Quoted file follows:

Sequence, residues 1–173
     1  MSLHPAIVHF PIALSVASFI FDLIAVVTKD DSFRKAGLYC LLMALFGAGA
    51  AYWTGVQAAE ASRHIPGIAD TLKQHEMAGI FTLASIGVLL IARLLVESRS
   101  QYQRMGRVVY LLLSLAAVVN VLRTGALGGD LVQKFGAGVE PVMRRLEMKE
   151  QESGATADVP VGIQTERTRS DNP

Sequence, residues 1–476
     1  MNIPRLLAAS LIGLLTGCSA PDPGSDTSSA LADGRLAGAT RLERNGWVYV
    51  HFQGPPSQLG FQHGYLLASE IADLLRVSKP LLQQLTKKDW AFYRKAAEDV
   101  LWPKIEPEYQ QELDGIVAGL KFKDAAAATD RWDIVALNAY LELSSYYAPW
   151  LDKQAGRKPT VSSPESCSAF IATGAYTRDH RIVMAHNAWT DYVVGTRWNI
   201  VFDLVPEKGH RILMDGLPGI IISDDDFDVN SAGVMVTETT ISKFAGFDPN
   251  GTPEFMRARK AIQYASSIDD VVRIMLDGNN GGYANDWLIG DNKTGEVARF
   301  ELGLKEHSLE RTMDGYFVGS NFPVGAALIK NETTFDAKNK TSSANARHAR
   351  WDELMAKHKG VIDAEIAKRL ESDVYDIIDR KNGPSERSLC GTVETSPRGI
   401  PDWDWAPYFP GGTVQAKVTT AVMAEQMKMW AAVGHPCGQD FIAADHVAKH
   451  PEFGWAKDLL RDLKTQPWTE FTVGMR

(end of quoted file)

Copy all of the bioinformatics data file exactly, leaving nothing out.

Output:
Sequence, residues 1–173
     1  MSLHPAIVHF PIALSVASFI FDLIAVVTKD DSFRKAGLYC LLMALFGAGA
    51  AYWTGVQAAE ASRHIPGIAD TLKQHEMAGI FTLASIGVLL IARLLVESRS
   101  QYQRMGRVVY LLLSLAAVVN VLRTGALGGD LVQKFGAGVE PVMRRLEMKE
   151  QESGATADVP VGIQTERTRS DNP

Sequence, residues 1–476
     1  MNIPRLLAAS LIGLLTGCSA PDPGSDTSSA LADGRLAGAT RLERNGWVYV
    51  HFQGPPSQLG FQHGYLLASE IADLLRVSKP LLQQLTKKDW AFYRKAAEDV
   101  LWPKIEPEYQ QELDGIVAGL KFKDAAAATD RWDIVALNAY LELSSYYAPW
   151  LDKQAGRKPT VSSPESCSAF IATGAYTRDH RIVMAHNAWT DYVVGTRWNI
   201  VFDLVPEKGH RILMDGLPGI IISDDDFDVN SAGVMVTETT ISKFAGFDPN
   251  GTPEFMRARK AIQYASSIDD VVRIMLDGNN GGYANDWLIG DNKTGEVARF
   301  ELGLKEHSLE RTMDGYFVGS NFPVGAALIK NETTFDAKNK TSSANARHAR
   351  WDELMAKHKG VIDAEIAKRL ESDVYDIIDR KNGPSERSLC GTVETSPRGI
   401  PDWDWAPYFP GGTVQAKVTT AVMAEQMKMW AAVGHPCGQD FIAADHVAKH
   451  PEFGWAKDLL RDLKTQPWTE FTVGMR